The idea that, in a globalised world, geopolitics is irrelevant is based on the belief that great-power rivalry will be tempered by economic cooperation. This point was clearly articulated by former US president Bill Clinton, who claimed that geopolitics had been displaced by geoeconomics.

In recent decades, many commentators and foreign-policy experts drew the conclusion that the age of geopolitical rivalry was over and that global economic integration would make wars between nations less likely. Others reflected on how European integration offered a permanent ‘solution to war’. Some scholars went so far as to claim that war had become obsolete. For instance, in The Remnants of War, John Mueller argued that developed nations have gone beyond war, with militarised conflict now only a matter for ‘thugs’ and ‘residual combatants’.

Foreign-policy experts and diplomats who have absorbed these globalist assumptions are woefully unprepared to face the complex geopolitical challenges that now confront them. In part, they are the prisoners of the narrow technocratic outlook they adopted during their university years. However, the Western foreign-policy establishment is not just poorly trained and educated. Along with other members of the ruling elite, foreign-policy elites have also embraced a cosmopolitan outlook that has encouraged them to become detached from their nation.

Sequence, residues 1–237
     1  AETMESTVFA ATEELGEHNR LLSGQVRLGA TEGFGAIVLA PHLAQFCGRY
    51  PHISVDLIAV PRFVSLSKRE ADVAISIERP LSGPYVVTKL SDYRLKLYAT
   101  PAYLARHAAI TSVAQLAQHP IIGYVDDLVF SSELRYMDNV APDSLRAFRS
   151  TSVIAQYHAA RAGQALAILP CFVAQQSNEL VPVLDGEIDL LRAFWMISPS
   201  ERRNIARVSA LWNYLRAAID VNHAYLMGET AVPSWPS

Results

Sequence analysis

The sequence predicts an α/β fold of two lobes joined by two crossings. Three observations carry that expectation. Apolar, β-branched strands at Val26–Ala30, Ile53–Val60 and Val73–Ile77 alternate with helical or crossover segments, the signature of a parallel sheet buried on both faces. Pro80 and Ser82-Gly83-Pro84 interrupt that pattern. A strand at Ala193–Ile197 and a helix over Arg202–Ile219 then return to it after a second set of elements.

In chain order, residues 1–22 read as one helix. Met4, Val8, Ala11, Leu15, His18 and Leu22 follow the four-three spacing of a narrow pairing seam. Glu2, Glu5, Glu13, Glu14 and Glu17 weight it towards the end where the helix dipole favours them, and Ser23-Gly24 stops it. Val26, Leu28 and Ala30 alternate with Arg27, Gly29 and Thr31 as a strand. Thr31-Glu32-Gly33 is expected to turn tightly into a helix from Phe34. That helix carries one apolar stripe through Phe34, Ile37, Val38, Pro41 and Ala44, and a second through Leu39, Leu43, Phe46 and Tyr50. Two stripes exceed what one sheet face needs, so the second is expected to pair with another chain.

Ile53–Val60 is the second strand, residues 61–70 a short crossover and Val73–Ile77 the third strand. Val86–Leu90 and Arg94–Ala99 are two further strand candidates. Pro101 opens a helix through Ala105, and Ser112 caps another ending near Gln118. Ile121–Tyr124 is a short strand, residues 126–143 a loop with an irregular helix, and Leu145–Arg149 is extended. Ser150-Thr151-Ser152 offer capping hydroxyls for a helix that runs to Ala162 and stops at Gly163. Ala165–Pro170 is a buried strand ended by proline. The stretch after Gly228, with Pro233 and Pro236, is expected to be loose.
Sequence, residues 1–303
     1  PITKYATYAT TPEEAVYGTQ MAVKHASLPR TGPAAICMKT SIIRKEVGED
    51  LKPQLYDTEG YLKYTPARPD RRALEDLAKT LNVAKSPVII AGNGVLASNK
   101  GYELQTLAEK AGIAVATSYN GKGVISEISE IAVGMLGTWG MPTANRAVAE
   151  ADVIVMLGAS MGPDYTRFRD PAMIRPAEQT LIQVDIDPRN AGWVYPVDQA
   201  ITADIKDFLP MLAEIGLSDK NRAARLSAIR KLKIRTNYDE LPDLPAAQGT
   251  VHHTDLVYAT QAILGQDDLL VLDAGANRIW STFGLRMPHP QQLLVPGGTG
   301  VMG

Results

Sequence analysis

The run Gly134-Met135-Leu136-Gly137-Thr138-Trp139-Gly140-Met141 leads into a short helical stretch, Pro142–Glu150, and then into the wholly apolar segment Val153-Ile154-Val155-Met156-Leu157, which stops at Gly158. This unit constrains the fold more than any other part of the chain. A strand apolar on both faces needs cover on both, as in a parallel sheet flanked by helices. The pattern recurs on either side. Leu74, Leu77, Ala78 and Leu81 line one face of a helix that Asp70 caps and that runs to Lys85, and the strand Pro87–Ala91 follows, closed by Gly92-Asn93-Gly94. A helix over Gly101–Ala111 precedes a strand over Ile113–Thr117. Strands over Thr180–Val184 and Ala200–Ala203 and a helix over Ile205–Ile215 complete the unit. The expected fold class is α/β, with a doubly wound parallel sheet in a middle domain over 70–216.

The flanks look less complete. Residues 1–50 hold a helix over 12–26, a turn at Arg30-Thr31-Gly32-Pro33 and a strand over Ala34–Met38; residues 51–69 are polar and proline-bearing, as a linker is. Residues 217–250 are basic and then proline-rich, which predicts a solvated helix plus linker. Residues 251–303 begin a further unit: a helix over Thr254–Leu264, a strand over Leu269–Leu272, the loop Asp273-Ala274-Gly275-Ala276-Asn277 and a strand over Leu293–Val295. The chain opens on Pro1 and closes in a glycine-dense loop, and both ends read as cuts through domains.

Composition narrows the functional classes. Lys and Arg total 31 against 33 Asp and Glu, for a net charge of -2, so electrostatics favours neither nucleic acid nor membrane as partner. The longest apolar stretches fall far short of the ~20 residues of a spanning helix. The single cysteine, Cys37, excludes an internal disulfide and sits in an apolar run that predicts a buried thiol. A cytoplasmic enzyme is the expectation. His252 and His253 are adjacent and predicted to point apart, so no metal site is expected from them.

Indeed, it is not only geopolitics that has become a dirty word in these circles. Many officials working for the US State Department or the British Foreign Office regard the very concept of the national interest as outdated and populist. From their standpoint, the nation has become morally irrelevant. These officials are embarrassed by any manifestation of patriotism. They are far more comfortable with, say, combatting human trafficking, fighting global poverty or promoting the human rights of sexual minorities in the Middle East than with upholding the interests of their own nations. As far as they are concerned, ‘global solidarity’, multilateralism and international law are morally superior to what they see as the narrow-minded and selfish goal of pursuing national interests.

In effect, the foreign-policy elites of the West no longer even understand the interests of the nations they are supposed to be serving. This has made them geopolitically illiterate. And, as a result, Western foreign policy lacks strategic clarity. It responds to global events rather than trying to shape them.

Today, it is difficult for even the most ardent globalist to pretend that geopolitics no longer matters. Unfortunately, the Western foreign-policy establishment appears to be in no hurry to relearn the art of diplomacy. We should expect more blunders and own goals from our leaders and diplomats in the years ahead.

Frank Furedi’s The Road to Ukraine: How the West Lost its Way is published by De Gruyter next month.

Picture by: Getty.

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Topics Politics USA